“Throughout the partnership Baiada has taken action to address such behaviour, in some cases taking steps additional to what is required by the strict letter of the Proactive Compliance Deed, and reported the details of each step to the Fair Work Ombudsman.”
Fair Work Ombudsman Natalie James says that while vigilance is required to ensure the compliance improvements are sustained over time, the early results show what can be achieved when a company decides to take responsibility for its labour supply chain through governance and systems.
The Compliance Partnership was entered into last year after the Fair Work Ombudsman conducted an Inquiry into the employment practices of contractors engaged at Baiada’s processing sites in NSW.
The Inquiry findings included exploitation of overseas workers by contractors and very poor, or no governance arrangements, by Baiada relating to the various labour supply chains.
The measures incorporated in the Compliance Partnership were designed to build compliance throughout Baiada’s sites.
The Report released today details that Fair Work Ombudsman has seen significant improvements in the past year by Baiada to develop an effective capability at all its sites to detect and respond to non-compliance.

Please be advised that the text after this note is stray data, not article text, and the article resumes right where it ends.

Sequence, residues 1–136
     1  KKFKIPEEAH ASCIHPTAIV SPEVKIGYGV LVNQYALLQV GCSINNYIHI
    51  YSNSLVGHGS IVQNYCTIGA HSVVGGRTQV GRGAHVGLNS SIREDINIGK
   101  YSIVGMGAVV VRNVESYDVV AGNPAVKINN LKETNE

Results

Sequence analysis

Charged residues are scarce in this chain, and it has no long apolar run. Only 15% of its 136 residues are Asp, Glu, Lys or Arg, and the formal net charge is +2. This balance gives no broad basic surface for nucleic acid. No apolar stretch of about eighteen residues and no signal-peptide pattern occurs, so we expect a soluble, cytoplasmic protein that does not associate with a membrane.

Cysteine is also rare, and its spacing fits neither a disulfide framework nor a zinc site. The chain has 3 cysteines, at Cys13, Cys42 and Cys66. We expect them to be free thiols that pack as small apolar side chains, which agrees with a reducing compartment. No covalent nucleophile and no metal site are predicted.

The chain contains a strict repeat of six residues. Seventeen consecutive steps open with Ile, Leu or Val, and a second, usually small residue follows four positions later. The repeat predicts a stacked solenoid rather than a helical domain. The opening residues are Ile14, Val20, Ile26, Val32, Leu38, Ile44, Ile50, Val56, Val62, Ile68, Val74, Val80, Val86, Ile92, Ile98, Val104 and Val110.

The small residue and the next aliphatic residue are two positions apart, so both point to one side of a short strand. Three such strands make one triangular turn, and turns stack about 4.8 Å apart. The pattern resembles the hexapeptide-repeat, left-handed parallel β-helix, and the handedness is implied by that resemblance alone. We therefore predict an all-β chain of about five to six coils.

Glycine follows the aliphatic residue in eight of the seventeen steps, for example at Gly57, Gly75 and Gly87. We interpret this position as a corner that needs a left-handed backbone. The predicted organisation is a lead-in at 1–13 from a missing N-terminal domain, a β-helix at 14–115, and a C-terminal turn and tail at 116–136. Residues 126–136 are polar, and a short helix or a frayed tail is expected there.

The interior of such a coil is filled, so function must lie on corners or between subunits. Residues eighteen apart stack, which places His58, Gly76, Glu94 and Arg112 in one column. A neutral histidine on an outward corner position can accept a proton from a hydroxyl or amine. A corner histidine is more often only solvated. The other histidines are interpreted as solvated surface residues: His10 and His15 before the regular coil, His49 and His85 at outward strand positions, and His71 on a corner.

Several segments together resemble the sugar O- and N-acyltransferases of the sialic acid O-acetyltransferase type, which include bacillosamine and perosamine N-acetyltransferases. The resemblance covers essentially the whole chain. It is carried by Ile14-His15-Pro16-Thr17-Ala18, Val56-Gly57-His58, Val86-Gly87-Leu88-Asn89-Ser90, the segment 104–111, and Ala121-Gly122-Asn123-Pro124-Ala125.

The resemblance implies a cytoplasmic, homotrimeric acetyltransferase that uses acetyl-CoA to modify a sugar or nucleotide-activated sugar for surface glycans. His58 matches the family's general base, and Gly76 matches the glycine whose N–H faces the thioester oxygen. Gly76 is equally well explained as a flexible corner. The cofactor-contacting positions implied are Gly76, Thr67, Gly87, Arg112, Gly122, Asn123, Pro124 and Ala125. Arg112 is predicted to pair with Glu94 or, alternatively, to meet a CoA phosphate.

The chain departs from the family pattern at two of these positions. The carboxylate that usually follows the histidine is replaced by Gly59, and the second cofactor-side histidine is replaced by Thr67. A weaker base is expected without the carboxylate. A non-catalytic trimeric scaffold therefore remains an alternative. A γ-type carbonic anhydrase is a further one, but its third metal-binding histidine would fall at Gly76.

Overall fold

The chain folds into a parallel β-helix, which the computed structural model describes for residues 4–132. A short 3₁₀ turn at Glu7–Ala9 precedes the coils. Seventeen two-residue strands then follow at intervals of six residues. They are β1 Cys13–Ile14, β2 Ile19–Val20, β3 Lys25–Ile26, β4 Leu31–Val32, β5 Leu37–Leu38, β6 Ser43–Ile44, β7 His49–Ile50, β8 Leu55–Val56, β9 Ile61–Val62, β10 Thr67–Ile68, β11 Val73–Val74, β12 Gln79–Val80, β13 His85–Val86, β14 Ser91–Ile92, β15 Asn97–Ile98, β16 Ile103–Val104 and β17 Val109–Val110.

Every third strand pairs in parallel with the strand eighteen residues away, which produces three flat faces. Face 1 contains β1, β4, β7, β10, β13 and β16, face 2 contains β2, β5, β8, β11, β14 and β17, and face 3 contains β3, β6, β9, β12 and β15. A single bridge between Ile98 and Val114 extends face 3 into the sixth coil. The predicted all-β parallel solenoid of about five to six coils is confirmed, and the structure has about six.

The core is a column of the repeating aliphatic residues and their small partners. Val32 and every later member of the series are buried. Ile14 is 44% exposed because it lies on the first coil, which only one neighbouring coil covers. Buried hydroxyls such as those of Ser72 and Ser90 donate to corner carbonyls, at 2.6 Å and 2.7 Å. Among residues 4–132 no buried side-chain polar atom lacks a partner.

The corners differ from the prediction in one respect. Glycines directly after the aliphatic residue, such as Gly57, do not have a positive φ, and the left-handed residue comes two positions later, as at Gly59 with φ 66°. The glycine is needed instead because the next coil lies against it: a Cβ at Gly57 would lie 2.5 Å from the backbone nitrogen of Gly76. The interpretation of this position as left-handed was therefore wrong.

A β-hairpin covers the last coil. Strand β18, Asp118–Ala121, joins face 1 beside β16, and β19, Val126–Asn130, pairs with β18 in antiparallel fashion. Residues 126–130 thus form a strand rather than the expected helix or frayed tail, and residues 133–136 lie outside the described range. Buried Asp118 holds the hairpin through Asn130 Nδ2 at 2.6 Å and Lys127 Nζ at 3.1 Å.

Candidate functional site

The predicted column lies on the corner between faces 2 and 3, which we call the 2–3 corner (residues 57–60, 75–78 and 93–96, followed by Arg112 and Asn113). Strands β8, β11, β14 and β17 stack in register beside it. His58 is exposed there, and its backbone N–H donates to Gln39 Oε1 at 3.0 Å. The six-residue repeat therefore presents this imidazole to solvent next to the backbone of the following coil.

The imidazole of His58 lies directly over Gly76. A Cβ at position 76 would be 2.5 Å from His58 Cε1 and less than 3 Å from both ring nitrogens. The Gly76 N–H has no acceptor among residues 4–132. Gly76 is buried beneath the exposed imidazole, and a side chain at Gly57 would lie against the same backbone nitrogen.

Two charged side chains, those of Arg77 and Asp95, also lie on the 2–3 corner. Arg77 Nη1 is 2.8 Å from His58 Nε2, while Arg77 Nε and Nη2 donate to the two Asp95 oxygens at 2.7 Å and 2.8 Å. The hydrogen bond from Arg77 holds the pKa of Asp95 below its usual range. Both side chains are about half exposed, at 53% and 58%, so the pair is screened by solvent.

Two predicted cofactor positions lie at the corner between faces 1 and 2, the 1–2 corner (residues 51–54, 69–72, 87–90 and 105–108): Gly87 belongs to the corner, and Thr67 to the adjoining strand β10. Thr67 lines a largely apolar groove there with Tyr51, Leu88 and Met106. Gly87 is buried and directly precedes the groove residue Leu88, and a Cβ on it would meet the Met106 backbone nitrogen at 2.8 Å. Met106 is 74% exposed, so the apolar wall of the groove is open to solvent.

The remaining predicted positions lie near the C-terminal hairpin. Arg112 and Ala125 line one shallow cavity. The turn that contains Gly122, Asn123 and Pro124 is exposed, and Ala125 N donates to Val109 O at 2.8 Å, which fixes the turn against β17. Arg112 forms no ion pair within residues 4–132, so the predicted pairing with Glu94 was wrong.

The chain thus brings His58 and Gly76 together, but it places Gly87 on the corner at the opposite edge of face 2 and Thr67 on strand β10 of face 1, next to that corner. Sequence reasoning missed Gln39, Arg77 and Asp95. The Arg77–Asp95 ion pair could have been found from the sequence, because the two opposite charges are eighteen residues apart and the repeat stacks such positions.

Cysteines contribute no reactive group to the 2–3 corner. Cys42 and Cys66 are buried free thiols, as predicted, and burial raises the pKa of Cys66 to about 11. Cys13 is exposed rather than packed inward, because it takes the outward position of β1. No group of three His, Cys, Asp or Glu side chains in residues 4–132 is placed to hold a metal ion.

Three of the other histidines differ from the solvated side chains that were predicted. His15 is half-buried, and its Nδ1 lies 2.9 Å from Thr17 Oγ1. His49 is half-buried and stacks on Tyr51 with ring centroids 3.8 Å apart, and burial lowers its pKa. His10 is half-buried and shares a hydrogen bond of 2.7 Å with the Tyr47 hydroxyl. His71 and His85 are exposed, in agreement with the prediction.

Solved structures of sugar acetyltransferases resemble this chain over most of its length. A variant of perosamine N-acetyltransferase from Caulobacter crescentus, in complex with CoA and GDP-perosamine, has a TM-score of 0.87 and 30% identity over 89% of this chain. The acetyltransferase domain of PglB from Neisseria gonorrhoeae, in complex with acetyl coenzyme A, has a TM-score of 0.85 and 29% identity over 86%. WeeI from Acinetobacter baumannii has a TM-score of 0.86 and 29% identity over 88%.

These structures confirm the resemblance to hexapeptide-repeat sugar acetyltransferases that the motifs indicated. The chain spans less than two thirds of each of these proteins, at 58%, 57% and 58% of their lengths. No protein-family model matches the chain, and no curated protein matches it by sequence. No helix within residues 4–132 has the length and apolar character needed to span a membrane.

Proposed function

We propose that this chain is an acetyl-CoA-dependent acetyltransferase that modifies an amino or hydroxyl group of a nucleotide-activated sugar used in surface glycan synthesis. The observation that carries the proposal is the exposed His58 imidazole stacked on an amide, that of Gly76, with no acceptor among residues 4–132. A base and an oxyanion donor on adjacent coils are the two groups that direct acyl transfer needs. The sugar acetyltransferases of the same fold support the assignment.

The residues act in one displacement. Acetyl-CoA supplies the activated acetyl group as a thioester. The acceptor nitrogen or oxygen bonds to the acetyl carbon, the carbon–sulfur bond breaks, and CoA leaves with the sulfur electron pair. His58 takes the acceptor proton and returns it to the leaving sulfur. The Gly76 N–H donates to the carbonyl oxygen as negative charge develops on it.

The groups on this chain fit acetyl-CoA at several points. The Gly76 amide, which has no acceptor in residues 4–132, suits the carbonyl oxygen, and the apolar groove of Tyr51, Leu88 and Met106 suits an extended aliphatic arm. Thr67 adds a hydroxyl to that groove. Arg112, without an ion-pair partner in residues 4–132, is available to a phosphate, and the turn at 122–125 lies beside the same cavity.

In accordance with the Compliance Partnership, Baiada has:
- established and maintained a telephone hotline and email service that enables all current workers, former workers and members of the public to make enquiries, lodge complaints or report potential non-compliance with Commonwealth workplace laws,
- ensured all workers are issued with a photo identification card which includes their full name, the employing entity’s name and the employing entity’s Australian Business Number,
- implemented an electronic time keeping system and additional processes to monitor and maintain accurate records of the starting and finishing times worked at all of its processing sites,